Alethische und Narrative Modelle von Verschwörungstheorien

Zeitschrift für Praktische Philosophie 9 (2):143-174 (2023)
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The aim of this paper is to create dialectical space for a hitherto under-discussed option in the philosophy of conspiracy theories. The extant literature on the topic almost exclusively assumes that conspiracy theories are a type of explanation. The typical mental attitude towards explanations is belief, a representational attitude that can be assessed as true, false, warranted or unwarranted. I call models based on this assumption alethic models. Alethic models can’t pick out conspiracy theories as a distinct class of mental attitudes without latching onto their negative epistemic properties. The extant literature therefore finds itself in an unfortunate situation. It either has to presume that conspiracy theories are epistemically defective in general (generalism). Or it has to deny that conspiracy theories are a distinct class of mental attitudes. Conspiracy theories are then nothing more than theories, theories about conspiracies, and should be assessed on a case-by-case basis (particularism). Instead, this paper motivates the research program of narrative models. According to narrative models, conspiracy theories are first and foremost stories – structured fictions. And their relevant mental attitudes are the attitudes of fiction – make-believe and imagination. Fictions are not subjects to epistemic norms. They are neither rational nor irrational. Narrative models can therefore pick out conspiracy theories as a distinct class of mental attitudes without labeling them as defective in general. In addition, they are able to explain certain features of conspiracy discourse particularly well, and they offer new perspectives on the popularity of conspiracy theories and the means of intervention we have at our disposal.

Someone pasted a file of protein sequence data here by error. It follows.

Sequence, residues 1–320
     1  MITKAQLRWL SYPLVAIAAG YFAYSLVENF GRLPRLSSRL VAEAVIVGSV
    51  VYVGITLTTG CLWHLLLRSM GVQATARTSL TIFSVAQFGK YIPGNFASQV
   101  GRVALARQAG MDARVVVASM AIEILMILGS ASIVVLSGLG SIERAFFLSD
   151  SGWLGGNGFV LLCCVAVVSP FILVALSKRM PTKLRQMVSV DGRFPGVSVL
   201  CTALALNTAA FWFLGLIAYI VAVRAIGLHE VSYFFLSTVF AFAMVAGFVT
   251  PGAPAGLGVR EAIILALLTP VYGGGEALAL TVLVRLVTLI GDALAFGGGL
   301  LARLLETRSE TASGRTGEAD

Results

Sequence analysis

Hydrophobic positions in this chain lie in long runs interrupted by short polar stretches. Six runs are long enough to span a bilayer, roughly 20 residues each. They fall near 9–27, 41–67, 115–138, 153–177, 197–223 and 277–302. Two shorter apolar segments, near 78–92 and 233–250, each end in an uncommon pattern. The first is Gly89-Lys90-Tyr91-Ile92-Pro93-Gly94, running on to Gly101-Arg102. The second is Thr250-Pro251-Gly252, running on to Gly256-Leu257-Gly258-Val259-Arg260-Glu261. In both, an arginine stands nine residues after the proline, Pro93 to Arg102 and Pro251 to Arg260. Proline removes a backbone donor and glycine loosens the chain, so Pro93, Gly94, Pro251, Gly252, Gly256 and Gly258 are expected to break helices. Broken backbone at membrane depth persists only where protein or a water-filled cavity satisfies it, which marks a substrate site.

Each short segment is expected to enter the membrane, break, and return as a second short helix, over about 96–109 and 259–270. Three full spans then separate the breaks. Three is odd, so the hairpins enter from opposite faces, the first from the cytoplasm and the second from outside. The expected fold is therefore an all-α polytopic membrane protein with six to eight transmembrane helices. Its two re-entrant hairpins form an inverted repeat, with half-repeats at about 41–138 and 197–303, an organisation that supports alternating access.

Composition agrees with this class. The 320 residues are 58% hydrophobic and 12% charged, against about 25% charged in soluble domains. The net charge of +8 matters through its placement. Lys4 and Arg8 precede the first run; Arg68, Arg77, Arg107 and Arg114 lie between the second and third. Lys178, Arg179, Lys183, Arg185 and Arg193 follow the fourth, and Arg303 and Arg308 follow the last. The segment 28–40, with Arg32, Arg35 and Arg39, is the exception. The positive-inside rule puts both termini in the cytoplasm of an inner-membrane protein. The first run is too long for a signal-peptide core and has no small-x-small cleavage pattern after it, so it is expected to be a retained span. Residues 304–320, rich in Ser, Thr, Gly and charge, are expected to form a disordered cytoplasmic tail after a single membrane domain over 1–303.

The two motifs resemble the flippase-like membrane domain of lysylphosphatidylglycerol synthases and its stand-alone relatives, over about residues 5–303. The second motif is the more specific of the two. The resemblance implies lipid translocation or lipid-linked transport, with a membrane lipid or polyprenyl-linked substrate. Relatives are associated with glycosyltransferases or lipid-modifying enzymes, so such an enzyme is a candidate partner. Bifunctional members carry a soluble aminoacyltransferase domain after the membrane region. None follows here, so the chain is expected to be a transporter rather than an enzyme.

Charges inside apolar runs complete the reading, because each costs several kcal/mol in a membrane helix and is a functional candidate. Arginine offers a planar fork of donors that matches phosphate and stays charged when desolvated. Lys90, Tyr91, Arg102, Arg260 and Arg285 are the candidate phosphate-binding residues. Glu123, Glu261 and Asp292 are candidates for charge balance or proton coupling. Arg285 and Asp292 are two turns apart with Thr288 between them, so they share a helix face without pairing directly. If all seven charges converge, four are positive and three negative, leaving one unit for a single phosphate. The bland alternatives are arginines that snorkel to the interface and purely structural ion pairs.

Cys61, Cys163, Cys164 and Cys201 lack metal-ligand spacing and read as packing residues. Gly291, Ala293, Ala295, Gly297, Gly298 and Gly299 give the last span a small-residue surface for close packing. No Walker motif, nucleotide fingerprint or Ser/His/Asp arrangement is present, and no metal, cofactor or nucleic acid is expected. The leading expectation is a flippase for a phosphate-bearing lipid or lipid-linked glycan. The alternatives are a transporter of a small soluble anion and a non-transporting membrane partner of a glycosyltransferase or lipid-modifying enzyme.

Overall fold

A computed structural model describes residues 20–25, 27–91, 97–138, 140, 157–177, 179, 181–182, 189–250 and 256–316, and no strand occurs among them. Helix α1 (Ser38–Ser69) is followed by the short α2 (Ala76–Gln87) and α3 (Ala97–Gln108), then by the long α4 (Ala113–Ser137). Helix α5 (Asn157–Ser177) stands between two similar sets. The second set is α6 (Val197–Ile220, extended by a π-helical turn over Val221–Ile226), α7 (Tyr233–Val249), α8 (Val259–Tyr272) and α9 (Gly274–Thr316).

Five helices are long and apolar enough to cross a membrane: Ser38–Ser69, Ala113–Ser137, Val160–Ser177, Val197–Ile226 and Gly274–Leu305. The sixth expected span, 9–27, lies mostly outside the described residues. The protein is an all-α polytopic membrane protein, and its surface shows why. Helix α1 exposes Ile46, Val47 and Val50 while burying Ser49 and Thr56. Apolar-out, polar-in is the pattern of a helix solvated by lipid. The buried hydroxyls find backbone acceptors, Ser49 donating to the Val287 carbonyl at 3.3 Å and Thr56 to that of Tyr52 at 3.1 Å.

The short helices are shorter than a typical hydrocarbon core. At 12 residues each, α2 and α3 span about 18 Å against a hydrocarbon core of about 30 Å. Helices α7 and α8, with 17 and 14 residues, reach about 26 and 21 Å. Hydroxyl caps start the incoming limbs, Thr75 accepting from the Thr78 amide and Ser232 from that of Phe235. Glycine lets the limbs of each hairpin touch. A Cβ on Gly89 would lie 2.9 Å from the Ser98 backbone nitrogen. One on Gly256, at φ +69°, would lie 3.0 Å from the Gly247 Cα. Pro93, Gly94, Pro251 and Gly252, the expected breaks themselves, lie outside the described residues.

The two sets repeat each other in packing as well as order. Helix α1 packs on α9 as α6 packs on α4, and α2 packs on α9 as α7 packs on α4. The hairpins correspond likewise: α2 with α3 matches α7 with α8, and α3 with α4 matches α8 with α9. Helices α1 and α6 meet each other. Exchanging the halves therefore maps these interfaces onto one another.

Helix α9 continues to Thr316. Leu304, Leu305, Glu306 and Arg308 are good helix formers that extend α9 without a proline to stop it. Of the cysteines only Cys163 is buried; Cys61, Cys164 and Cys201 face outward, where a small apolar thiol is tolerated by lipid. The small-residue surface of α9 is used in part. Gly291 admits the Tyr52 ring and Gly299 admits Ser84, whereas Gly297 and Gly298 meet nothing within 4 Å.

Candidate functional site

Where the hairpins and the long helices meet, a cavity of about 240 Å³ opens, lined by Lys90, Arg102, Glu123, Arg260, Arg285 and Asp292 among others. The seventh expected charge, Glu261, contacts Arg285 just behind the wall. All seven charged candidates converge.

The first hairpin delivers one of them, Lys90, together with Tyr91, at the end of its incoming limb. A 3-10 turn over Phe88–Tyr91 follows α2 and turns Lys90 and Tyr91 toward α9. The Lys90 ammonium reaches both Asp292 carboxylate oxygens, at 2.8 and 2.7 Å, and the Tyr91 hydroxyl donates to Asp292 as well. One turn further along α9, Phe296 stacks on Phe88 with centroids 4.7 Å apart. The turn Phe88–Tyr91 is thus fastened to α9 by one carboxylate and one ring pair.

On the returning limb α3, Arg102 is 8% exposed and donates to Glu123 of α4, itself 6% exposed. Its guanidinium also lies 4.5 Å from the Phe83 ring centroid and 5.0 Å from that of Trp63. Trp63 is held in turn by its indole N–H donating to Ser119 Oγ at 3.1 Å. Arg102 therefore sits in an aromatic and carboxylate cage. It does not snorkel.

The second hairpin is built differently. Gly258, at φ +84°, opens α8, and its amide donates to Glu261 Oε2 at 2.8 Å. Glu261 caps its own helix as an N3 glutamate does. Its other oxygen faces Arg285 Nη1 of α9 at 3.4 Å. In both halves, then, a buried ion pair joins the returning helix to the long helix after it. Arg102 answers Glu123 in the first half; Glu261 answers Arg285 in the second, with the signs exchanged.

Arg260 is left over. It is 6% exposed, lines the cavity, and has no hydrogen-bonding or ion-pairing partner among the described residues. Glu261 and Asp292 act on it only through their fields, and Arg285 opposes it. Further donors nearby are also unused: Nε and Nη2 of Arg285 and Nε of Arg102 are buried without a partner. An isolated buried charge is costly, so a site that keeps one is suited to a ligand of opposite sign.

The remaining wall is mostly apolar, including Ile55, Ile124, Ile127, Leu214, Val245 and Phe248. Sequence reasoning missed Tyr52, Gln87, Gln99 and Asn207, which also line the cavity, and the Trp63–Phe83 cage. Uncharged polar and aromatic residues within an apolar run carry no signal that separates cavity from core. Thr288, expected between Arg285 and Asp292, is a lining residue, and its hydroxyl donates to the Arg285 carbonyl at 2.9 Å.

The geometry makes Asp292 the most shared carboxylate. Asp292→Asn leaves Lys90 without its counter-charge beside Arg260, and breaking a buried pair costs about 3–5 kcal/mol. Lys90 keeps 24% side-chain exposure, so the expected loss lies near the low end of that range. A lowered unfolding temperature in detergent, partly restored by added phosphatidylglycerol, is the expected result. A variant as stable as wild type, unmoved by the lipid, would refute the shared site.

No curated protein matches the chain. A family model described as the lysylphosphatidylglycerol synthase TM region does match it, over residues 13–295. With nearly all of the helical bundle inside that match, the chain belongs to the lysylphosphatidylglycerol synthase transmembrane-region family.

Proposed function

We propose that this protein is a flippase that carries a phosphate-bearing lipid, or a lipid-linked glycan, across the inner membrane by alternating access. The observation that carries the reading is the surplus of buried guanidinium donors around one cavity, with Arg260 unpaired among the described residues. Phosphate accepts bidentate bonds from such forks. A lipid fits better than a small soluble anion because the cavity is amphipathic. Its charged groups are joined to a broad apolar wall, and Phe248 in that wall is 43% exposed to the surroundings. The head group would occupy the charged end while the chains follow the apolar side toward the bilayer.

Author's Profile

David Heering
Universität Erlangen-Nürnberg


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